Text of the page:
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CORC 1322 MAIN PAGE

MATTER

Introduction
Atoms and Molecules

ATOMIC STRUCTURE

Introduction
Electrons
Protons
Neutrons

REACTIONS

Introduction
Bonds and Octet Rules
Chemical Equations
The Mole

SOLVING PROBLEMS

Density
Conversions

VISUAL AIDS

Functional Groups
Periodic Table

QUIZZES

Practice Quiz I
Practice Quiz II
Practice Quiz III

Introduction to Reactions

Matter can undergo a variety of changes through processes called reactions. Reactions can make matter more complex, such as the reaction that takes oxygen atoms and hydrogen atoms and turns them into water molecules. Reactions can also make matter simpler, such as the reaction in a car engine that turns gasoline into water, carbon dioxide, and carbon monoxide.

A reaction has a beginning and an end. At the beginning of the reaction the matter present is called the reactants, and once the reaction is completed, the matter is called the products.

Scientists have discovered millions of different reactions in nature and have created millions of reactions in laboratories. Almost all of these reactions can be classified into three basic reaction types.

Combination
when two types of matter, either element or compound, combine to form a different type of matter
Replacement
when one atom in one type of matter is replaced by another atom from another type of matter
Decomposition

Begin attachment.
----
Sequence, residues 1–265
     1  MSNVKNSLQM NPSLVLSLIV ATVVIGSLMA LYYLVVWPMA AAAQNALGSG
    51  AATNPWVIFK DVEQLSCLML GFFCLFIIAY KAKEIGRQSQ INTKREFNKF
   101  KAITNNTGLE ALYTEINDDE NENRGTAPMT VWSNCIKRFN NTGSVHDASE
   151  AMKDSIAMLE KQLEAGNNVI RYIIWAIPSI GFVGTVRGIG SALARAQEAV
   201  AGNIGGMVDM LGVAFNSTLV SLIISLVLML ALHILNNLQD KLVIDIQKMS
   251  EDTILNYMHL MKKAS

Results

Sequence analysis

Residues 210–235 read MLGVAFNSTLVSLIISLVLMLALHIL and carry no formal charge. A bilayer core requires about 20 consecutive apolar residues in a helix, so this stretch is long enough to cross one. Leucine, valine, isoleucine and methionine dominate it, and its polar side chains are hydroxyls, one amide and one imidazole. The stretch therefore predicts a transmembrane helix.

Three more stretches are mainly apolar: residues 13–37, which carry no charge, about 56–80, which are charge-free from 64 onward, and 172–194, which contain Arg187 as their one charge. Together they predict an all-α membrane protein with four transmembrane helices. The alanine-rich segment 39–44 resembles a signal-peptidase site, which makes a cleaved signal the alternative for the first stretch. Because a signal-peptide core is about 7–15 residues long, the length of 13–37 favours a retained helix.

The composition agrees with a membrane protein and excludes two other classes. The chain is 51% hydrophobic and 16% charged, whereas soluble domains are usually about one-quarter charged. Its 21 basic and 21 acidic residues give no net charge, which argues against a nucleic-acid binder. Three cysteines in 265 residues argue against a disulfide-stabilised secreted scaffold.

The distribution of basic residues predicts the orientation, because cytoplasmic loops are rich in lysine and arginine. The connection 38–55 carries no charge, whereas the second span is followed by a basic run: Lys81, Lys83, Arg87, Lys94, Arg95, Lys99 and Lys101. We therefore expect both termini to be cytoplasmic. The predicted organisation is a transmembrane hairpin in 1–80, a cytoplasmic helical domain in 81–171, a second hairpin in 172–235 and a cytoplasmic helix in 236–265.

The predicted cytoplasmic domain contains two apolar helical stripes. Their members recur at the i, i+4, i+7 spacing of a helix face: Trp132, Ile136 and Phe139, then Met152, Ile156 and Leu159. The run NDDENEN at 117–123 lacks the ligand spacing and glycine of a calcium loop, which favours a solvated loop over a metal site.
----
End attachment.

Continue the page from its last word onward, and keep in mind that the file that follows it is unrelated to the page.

when one type of complex matter separates into simpler types of matter

Law of Conservation of Mass

Antoine Laurent Lavoisier (1743-1794) established chemistry as a quantitative science. In 1773, Lavoisier performed an experiment that had already been discovered by Karl Wilhelm Scheele (1742-1786) and Joseph Priestley (17331804) that involved the decomposition of mercury oxide into metallic mercury and oxygen gas. However, Lavoisier's experiment was unique in that he was the first to measure the masses of all the substances before and after the reaction.

Lavoisier discovered that when the chemical reaction was carried out, the total mass of all the substances before, during, and after the reaction did not change. He summarized his findings into the Law of Conservation of Mass, which states that matter is neither created nor destroyed during a chemical reaction. The total mass of the matter before a reaction (reactants) is always equal to the total mass of the matter after a reaction (products).

Law of conservation of mass